PITY OUR SHRIVELED SOULS. Newspaper editors wallow in so much bad news and misfortune that it feels sometimes like we wouldn’t know good news if it bit us. But I feel the tooth marks of a positive story brewing in the City of Hudson.
The Hudson Library, officially known as the Hudson Area Association Library is going to move. And unlike some other recently announced plans to move public services (Sorry! Think positive, think pos…), this move and the way it’s being handled make terrific sense. Within the next few weeks the library board expects to announce both the sale of the building the library currently occupies and the lease of a new space in the city. But the new space isn’t intended to be a permanent home, just an “interim step” for the next five years or so while the library board plans for a new, long-term home.
For more than half a century the Hudson Library has occupied 400 State Street. That structure has distorted the function of the library. The building is historically significant and listed on the National Register of Historic Places. In turns it was a home for the poor, a school for girls, an insane asylum, a private residence and an orphanage. None of those uses, as important as they were for the growth of the city, made the place appropriate for the types of services modern library users need and want.
This stone building at the north end of 4th Street, which looks so imposing from the outside, has warrens of rooms too small for convenient shelving of materials; its stairways and halls are narrow; navigating the usable area — less than half the total floor space — proves confusing and creepy. The stairs pose insurmountable barriers to people with handicaps. Experts have found asbestos, mold and rotting timbers. Resources that would have improved programs and the collection went instead to stopgap repairs.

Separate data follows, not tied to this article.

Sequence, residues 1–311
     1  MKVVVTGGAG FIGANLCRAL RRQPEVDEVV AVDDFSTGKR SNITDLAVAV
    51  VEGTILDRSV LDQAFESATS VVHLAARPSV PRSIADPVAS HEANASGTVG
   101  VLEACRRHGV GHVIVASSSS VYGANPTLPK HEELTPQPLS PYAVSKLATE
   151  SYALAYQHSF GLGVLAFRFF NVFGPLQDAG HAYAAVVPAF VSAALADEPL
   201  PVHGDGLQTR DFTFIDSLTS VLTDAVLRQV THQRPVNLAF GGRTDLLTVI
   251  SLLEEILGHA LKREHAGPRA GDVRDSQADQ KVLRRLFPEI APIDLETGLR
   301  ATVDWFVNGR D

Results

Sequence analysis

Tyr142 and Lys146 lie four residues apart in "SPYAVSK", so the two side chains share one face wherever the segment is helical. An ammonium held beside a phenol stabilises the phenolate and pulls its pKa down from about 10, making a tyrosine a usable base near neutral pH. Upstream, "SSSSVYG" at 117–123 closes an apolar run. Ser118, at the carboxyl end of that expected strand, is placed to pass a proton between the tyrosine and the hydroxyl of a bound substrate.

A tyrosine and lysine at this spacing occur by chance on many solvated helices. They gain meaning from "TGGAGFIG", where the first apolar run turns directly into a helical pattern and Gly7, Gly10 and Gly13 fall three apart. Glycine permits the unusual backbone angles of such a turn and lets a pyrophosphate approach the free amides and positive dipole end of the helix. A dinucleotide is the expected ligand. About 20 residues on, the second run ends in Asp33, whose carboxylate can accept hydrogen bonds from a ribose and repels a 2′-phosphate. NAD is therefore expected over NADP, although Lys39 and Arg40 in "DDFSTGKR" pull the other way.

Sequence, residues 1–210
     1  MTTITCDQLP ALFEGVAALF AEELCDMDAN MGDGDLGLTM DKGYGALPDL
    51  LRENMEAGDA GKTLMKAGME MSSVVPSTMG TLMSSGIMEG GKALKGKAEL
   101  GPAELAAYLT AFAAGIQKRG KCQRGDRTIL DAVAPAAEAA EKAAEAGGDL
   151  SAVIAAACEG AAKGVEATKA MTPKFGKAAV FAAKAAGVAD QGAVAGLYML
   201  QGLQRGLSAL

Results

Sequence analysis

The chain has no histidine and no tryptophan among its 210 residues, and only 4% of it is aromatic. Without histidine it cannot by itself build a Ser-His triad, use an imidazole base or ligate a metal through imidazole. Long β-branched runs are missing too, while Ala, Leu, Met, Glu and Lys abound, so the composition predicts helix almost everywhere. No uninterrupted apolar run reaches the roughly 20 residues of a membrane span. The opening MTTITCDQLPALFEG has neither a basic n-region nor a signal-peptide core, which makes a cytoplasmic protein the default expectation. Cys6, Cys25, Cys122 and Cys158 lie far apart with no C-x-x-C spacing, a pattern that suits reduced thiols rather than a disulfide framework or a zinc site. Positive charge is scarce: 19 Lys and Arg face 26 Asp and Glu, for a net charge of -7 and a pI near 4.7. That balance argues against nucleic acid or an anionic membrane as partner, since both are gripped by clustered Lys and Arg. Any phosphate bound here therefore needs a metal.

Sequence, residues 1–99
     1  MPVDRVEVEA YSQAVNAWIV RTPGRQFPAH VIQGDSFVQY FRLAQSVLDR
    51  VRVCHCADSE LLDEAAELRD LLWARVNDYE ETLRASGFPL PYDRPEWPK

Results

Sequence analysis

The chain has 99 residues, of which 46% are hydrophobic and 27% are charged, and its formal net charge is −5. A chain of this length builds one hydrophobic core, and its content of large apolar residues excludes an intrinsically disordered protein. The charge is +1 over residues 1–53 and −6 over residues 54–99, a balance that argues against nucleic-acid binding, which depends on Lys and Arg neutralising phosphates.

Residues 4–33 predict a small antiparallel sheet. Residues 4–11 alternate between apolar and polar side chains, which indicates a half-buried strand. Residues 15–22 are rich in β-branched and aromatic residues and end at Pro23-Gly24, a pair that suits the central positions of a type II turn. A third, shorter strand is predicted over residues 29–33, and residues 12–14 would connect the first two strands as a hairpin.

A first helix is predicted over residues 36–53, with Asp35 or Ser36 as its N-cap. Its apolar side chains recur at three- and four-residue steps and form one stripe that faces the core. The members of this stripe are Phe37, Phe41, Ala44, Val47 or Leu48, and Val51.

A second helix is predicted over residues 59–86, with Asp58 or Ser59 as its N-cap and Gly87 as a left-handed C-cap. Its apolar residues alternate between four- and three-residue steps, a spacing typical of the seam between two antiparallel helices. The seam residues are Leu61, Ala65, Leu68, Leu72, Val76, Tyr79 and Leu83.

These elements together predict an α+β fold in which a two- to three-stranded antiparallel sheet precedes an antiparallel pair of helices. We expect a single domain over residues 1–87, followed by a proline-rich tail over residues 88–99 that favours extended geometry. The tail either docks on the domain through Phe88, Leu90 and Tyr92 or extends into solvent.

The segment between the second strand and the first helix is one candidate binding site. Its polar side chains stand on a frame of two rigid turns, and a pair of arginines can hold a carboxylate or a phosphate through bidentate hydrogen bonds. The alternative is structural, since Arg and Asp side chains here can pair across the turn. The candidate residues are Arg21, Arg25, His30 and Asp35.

Finally, a new, more vigorous library board has voted unanimously to do something about it. Someone, not yet identified by the board, approached them about buying the place. Being fair-minded and careful people who handle public funds, the board then placed the building on the market this spring to see whether anyone else was interested. The library’s website lists the asking price as $450,000. No one else stepped forward, and negotiations are now in process to conclude the sale.
Where will the library go? The board could have bought some oversized, empty commercial building recently vacated by a big box store on, say, Fairview Avenue in Greenport. But it didn’t. Instead it developed a plan, figured out what space it actually needed and brought in outside experts to critique its ideas and the spaces under consideration.
And the library board had another criterion. It wanted to remain in Hudson. The library’s charter from the state calls for it to serve Greenport and Stockport as well as the city, but as Mark Orton, the library’s vice president put it, “Hudson is our core service area and the core of our funding comes from Hudson.” He could not yet say where it will be, but he confirmed that the library has looked at a space on lower Warren Street and would like to be on the city’s main thoroughfare.
Mr. Orton also said that the library wants a space that can be fully accessible to all users and one that’s flexible enough to adapt to the services that the public wants from its library.
The library board assumes it will need about five years to find a site for a permanent home and to raise the money to build it. I hope it can be accomplished that quickly, but given the experience of the Roe Jan Community Library, which just moved in to its new, exceptionally efficiency building that boasts one of the most inviting public spaces anywhere in the region, that could happen in Hudson too.
The approach taken so far by the Hudson Area Association Library Board suggests that the city could have a remarkable library where all the people who want to use it can use all the services it offers. It’s not the speed and decisiveness of their actions that distinguishes this project. It is the responsiveness of the board to the needs of the public that stands out. In breaking with the past, they have done community a great service and freed this essential institution to prepare for the future.